REVIEW: The Invention of Curried Sausage

Uwe Timm’s The Invention of Curried Sausage is a quirky little gem.

My biggest complaint (figured I’d get it out of the way) is with the translation. I did my research, and many of those who read it in both the German and English feel the same way. Every so often the phrasing would throw me, taking me out of what was otherwise a nostalgic ambiance.

 On to the good!

Timm weaves a captivating tale alternating between the end of WW II and the present; a story related in flashback by the book’s heroine, Lena Brucker. While the search for how curried sausage came to be created is the catalyst for Ms. Brucker to divulge her untold saga, it is not the main focus of the book.

Timm does a beautiful job of capturing the desolation, desperation, and romance of the 40’s. Although some aspects of the narrative are a tad contrived, you easily get sucked into Lena Brucker’s past (which I preferred to the present). The present day portion of the story, while not as engaging as Lena’s memoir, does provide a clever prompt.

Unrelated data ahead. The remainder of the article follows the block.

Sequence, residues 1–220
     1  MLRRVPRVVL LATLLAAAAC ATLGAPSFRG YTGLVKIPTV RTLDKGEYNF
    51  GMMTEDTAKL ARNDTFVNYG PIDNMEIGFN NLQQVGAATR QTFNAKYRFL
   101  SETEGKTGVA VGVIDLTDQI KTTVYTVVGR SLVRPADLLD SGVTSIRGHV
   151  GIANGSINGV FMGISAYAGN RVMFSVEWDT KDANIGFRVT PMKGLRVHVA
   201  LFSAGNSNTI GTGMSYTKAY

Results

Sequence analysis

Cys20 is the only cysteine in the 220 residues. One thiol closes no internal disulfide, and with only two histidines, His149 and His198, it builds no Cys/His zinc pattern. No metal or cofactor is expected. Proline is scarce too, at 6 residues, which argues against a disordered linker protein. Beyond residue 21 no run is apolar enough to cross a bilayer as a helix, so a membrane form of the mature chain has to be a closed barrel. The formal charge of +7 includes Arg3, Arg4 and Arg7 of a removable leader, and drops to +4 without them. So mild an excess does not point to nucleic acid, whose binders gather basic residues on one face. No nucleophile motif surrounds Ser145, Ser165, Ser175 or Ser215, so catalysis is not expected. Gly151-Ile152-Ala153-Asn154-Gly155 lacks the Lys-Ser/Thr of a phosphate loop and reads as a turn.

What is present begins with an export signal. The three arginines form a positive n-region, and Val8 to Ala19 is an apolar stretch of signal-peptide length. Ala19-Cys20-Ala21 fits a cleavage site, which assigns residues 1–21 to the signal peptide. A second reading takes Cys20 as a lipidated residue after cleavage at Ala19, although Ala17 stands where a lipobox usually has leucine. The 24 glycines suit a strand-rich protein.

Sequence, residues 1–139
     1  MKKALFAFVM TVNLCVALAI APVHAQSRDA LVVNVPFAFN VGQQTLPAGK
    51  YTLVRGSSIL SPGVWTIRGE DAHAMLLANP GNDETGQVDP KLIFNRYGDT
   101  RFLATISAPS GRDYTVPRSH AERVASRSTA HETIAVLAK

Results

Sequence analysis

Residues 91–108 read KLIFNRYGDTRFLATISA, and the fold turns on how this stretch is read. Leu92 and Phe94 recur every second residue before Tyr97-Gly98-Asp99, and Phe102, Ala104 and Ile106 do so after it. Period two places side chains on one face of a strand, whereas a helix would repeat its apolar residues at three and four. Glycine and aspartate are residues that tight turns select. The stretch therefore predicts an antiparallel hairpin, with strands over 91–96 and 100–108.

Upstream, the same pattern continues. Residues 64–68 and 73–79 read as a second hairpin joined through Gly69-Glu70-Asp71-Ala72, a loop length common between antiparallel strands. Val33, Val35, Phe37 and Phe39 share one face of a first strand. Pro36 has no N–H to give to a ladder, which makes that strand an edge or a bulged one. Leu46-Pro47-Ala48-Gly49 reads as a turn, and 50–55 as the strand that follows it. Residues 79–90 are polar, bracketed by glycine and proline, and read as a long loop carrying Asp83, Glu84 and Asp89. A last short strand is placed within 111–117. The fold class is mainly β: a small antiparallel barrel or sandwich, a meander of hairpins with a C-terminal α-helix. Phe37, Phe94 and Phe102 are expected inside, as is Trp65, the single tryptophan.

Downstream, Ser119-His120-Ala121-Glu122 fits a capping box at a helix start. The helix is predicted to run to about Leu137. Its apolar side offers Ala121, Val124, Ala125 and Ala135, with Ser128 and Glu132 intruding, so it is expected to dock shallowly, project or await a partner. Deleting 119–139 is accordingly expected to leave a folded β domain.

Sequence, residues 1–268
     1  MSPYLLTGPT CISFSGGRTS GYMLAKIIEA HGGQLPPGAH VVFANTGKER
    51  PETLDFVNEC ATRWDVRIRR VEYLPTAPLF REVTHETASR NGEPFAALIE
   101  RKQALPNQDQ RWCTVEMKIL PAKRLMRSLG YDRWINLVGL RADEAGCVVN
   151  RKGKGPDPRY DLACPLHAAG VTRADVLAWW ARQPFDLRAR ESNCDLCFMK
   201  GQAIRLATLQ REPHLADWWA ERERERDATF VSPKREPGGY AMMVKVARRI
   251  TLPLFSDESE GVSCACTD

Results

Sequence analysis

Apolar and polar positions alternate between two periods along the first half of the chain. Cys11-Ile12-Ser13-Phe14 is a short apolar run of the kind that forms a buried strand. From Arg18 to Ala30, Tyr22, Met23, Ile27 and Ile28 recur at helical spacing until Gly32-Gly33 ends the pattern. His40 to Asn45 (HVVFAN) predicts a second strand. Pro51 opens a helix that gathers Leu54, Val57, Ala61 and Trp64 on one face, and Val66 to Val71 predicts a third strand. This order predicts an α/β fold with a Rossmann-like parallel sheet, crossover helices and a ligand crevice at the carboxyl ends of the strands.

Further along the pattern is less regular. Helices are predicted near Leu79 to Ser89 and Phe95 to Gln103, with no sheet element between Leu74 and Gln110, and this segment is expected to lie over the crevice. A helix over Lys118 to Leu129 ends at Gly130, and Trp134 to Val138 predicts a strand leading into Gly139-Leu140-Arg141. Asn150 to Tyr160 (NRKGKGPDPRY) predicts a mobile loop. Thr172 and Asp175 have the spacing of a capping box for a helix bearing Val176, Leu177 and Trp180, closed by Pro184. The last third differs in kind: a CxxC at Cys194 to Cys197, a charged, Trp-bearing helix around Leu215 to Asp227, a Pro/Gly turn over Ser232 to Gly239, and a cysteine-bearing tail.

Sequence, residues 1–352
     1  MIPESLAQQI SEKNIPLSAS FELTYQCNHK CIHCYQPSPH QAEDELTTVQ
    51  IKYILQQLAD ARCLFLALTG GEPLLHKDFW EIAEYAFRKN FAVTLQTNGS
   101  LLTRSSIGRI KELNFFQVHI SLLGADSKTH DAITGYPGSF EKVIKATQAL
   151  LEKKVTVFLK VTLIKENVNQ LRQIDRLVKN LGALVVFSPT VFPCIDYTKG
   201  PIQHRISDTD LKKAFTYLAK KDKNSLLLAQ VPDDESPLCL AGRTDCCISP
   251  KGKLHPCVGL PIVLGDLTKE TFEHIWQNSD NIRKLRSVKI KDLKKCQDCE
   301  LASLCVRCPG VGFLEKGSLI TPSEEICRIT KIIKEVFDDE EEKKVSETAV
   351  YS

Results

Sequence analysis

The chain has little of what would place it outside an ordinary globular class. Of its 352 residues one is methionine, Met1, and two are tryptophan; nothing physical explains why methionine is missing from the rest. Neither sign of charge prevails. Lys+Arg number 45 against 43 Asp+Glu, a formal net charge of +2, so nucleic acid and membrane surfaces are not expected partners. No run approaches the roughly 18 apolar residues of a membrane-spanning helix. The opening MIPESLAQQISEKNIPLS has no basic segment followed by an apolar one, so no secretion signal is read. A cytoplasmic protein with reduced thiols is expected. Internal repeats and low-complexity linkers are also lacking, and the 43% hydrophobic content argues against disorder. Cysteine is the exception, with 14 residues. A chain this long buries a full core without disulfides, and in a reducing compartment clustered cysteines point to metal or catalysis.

I enjoyed The Invention of Curried Sausage; it’s a quick and refreshing read, but it isn’t high on my list of recommendations. Something about The Invention of Curried Sausage never fully clicked with me.

 

3.5 Bowls of Mock-Crab Soup

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2 thoughts on “REVIEW: The Invention of Curried Sausage

  1. It is always interesting to me how perception can trump (how i now hate that word!) exposition. Your review was less than glowing and yet I was drawn to the idea of this book. Looked it up on goodreads site, and the same: found myself agreeing with the positive reviews while disagreeing with the negative – and I haven’t read the book! Never fear, I’ve put it on my list…and so, your blog has led us to think of books and reading, and to try some we’d never heard of or considered; a success for you, no?

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  2. I actually read The Invention of Curried Sausage – and remember enjoying it. Reading your review makes me wonder if I am less analytical than you … or than I should be? Or perhaps since you know you will be reviewing, you read through a different prism. I would go back and reread it but I think I want to be left with the satisfied feeling it left.

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